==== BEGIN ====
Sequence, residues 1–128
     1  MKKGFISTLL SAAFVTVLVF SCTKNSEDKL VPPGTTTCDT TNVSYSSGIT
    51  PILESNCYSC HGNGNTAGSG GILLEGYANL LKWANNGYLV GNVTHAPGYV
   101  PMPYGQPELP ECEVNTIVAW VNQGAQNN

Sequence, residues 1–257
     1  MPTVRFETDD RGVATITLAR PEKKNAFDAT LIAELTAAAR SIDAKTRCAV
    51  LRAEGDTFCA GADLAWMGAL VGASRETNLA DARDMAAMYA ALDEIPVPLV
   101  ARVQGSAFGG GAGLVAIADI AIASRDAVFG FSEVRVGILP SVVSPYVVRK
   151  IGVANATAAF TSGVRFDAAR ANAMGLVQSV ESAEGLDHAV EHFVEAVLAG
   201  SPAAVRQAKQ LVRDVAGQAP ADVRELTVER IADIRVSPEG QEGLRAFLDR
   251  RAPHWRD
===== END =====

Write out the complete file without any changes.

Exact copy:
Sequence, residues 1–128
     1  MKKGFISTLL SAAFVTVLVF SCTKNSEDKL VPPGTTTCDT TNVSYSSGIT
    51  PILESNCYSC HGNGNTAGSG GILLEGYANL LKWANNGYLV GNVTHAPGYV
   101  PMPYGQPELP ECEVNTIVAW VNQGAQNN

Sequence, residues 1–257
     1  MPTVRFETDD RGVATITLAR PEKKNAFDAT LIAELTAAAR SIDAKTRCAV
    51  LRAEGDTFCA GADLAWMGAL VGASRETNLA DARDMAAMYA ALDEIPVPLV
   101  ARVQGSAFGG GAGLVAIADI AIASRDAVFG FSEVRVGILP SVVSPYVVRK
   151  IGVANATAAF TSGVRFDAAR ANAMGLVQSV ESAEGLDHAV EHFVEAVLAG
   201  SPAAVRQAKQ LVRDVAGQAP ADVRELTVER IADIRVSPEG QEGLRAFLDR
   251  RAPHWRD